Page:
Paul Milhollen’s door is always open to people from all walks of life in his community. Everyone is made to feel at home as soon as they enter his studio. Not only is his door open to new students, but he welcomes guest instructors often to enhance his students’ martial arts experiences. Paul has made me feel incredibly welcome as a guest instructor on numerous occasions and as a student of some of the other great guest instructors that have graced his training floor. Members of the community have an immediate feeling of being home as soon as they enter his dojo. He has numerous long-term students and has dedicated years to empowering the next generation of martial artists in his community!
Brad Shipp operates Complete Martial Arts - a 2,600 square foot facility located in Roseland Commons shopping center in Roseland, NJ. Brad is the senior student of Grandmaster Kim, Bok Man and the successor to the art of Chun Kuhn Taekwondo. He has been a friend and a stalwart supporter for over a decade. He is a mentor to his young students and an outstanding role model for all of his students. Brad provides leadership to the youth of his community. He even picks his students up at school, if need be. He contributes to and is active in supporting community-related events.
Click here to select your recipient for the Open Door Award.
Enduring Footprint Award
Ideal nominees would stand out for their lasting impact on the martial arts community across a significant period of time. While the extent of the impact may be a result of direct, in person interactions, impact resulting through social media and other internet activity is also worthy of consideration.
Martial artists would not only say that they know who the nominee is but will also be able to discuss how the nominee influenced their training in some way.
Yong Duk Choi
Yong Duk Choi has been furthering the art of Tae Kwon Do for over 50 years. He’s operated many schools, established the American Professional Tae Kwon Do Association, written books and published training videos. He is very active in the efforts to reunify the disparate factions with Taekwondo and was directly responsible for healing the rift between Gen. Choi, Hong Hi and SGM Kim, Bok Man - another Pioneer of our art. Yong Duk Choi is very active in the Korean-American Association and has been recognized by various State Governments for his efforts, including most recently by the State of California for his support of the Korean War Memorial 70th Anniversary. Yong Duk Choi has been my instructor since 1976. His guidance has helped me to become not only the martial artist I am today, but also helped to forge the character of the man I’ve become.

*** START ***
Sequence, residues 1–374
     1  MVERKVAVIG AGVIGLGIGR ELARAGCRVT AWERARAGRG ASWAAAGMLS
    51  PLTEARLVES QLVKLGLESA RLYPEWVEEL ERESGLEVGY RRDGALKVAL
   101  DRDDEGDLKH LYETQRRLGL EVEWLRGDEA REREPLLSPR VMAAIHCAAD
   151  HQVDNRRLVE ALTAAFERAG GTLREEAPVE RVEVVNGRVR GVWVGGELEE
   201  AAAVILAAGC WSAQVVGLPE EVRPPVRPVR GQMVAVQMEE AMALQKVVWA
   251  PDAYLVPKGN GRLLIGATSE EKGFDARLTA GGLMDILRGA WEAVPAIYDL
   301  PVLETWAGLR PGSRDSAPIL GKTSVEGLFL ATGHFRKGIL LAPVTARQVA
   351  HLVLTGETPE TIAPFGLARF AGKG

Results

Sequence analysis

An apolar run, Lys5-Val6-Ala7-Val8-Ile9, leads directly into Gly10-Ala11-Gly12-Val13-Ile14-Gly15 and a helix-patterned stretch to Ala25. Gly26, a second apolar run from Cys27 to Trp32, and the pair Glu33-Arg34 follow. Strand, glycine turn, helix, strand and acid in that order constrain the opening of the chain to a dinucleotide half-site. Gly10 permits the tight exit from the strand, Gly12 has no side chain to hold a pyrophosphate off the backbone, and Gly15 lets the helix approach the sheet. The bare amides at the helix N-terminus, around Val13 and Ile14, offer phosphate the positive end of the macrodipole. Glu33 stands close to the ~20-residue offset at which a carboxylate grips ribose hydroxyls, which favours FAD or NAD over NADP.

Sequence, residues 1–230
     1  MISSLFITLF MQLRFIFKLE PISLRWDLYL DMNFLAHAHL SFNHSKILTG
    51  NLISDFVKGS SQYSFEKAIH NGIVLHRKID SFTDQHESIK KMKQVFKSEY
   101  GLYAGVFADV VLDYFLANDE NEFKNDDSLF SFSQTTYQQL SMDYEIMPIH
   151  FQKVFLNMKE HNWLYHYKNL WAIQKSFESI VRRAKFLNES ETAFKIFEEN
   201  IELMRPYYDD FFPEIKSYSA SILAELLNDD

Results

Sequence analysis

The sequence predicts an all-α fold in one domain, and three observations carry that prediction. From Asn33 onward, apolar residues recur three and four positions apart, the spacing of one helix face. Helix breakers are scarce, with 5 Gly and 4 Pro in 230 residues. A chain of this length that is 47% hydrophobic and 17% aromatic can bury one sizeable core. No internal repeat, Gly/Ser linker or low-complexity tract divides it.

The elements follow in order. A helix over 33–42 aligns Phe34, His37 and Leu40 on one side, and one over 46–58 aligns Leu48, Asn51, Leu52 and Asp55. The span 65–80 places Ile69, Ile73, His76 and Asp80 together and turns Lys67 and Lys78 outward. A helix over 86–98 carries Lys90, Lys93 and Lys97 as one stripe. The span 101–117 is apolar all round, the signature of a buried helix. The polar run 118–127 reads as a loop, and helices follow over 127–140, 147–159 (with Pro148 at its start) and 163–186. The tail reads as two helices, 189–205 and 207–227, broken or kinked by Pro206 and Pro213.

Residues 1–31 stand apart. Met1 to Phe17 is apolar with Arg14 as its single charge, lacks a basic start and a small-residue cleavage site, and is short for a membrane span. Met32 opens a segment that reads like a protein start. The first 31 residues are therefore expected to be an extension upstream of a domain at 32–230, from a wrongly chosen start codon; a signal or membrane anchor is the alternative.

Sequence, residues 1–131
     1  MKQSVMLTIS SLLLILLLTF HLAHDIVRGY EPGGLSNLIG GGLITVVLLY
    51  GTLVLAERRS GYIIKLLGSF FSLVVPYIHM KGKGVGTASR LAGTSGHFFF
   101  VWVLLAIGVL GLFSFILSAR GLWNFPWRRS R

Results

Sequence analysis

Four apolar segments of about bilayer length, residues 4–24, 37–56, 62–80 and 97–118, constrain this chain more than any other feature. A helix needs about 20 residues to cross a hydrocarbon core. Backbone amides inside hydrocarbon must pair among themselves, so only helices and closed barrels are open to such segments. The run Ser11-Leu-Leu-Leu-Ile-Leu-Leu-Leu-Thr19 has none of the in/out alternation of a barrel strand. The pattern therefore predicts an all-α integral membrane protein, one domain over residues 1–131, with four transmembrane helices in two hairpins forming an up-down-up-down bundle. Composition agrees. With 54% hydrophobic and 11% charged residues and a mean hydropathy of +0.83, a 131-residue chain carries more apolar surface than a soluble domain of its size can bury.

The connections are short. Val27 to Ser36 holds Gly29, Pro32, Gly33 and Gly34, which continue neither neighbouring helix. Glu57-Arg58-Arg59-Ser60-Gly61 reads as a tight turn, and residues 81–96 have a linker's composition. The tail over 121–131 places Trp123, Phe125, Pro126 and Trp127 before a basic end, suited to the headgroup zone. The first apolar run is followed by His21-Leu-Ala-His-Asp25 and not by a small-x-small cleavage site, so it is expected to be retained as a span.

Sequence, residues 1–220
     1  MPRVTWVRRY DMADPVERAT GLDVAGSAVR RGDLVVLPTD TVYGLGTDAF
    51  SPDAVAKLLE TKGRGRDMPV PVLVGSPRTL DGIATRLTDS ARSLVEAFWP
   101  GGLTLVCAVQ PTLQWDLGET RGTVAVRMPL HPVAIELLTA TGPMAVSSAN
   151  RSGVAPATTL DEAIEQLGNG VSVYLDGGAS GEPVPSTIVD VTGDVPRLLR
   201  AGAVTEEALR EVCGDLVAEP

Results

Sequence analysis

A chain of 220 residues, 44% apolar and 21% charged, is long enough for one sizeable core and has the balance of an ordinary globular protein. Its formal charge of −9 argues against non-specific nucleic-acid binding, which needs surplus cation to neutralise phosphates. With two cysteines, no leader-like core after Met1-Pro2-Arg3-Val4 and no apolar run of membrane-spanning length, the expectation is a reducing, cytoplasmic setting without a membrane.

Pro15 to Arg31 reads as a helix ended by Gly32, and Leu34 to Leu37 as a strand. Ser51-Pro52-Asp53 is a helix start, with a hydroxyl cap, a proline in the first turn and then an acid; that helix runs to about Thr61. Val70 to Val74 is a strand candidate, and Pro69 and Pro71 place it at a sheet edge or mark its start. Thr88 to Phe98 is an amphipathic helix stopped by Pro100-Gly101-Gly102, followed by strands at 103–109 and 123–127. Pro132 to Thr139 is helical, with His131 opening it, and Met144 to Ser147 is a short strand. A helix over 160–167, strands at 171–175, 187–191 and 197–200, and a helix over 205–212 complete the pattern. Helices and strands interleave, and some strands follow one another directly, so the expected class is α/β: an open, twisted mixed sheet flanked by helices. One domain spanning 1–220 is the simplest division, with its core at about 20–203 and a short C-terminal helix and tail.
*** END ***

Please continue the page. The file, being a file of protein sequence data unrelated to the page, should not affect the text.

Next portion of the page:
Broadly speaking, George Dillman is responsible for popularizing the use of pressure point fighting and energy/no-touch knockouts in the west. He also has been significant in the idea of martial artists in the west learning that their forms are more than "just a dance". I have heard him referenced time and time again by different martial arts instructors I've had as being someone who either helped them with their clubs or shared information with them during the 1970s. He used to also host a huge tournament in the DC area back then. Also, my mother used to make me watch him whenever he was on George Michael's Sport Machine back in the 80's. He once owned the Muhammad Ali training camp in Reading, PA where martial artists of all styles could come and learn pressure points. He has now retired from the seminar scene.
Kellie Thomas exemplifies the spirit of this award by her longstanding commitment and dedication to teaching students about martial arts. She teaches us that martial arts isn’t just a sport, it is a way of life. Training doesn’t stop at the door. Kellie has had a large impact on my life over the last six years that I have trained with her. She has encouraged me to work hard not only in my martial arts but also in my personal business endeavors. She has been a sounding board and a mentor for me and has shown so much love and support. I truly appreciate her presence in my life. She has encouraged me to step out of my comfort zone and into a teaching role. I now really enjoy teaching others during class time and beyond, including hosting a separate patterns group for students who need help or a little extra encouragement. Master Thomas has created a family! Everyone who is a part of the K.I.C.K.S school becomes a part of the family. Because of the compassion and support of Master Thomas we all share the same support for one another. From the students, to the extended families, we all work together to support those who need it. We have a program called KICKING for a Cause that is a nonprofit organization that provides donations to local charities and families in need. This organization helps people in the three counties that KICKS has locations in.
Dan Valin is the epitome of life-long martial artist. He has served his community for a lifetime and constantly strives for the continuation of his art. Through his students and his teachings, he exemplifies the spirit of the martial artist as a whole. He is an amazing human being that accredits his life success to his martial arts career. It is clear that Dan eats, sleeps and breathes the martial arts and breathes this life into his students. Dan participated with his student in a small forms competition that I hosted in one of my previous studios. Even though I was very young, inexperienced, and very much competition (our schools were located very closely), he brought students to perform, he judged and did so in the true spirit of the betterment of the art. From there, I began running my own program a couple towns away and had also lost my own teacher. I asked if he would become my instructor and also an instructor at my school. He did not hesitate to help me and continues to teach our teachers and our students. Dan has been a staple in his community for more years that I can even count. Everyone in his area (and beyond) knows him!! He has stood the test of time and continues to develop his legacy.
Click here to select your recipient for the Enduring Footprint Award.
Ripples on Our Pond - In Memoriam
You can learn more about how we got here with this episode of Martial Arts Radio.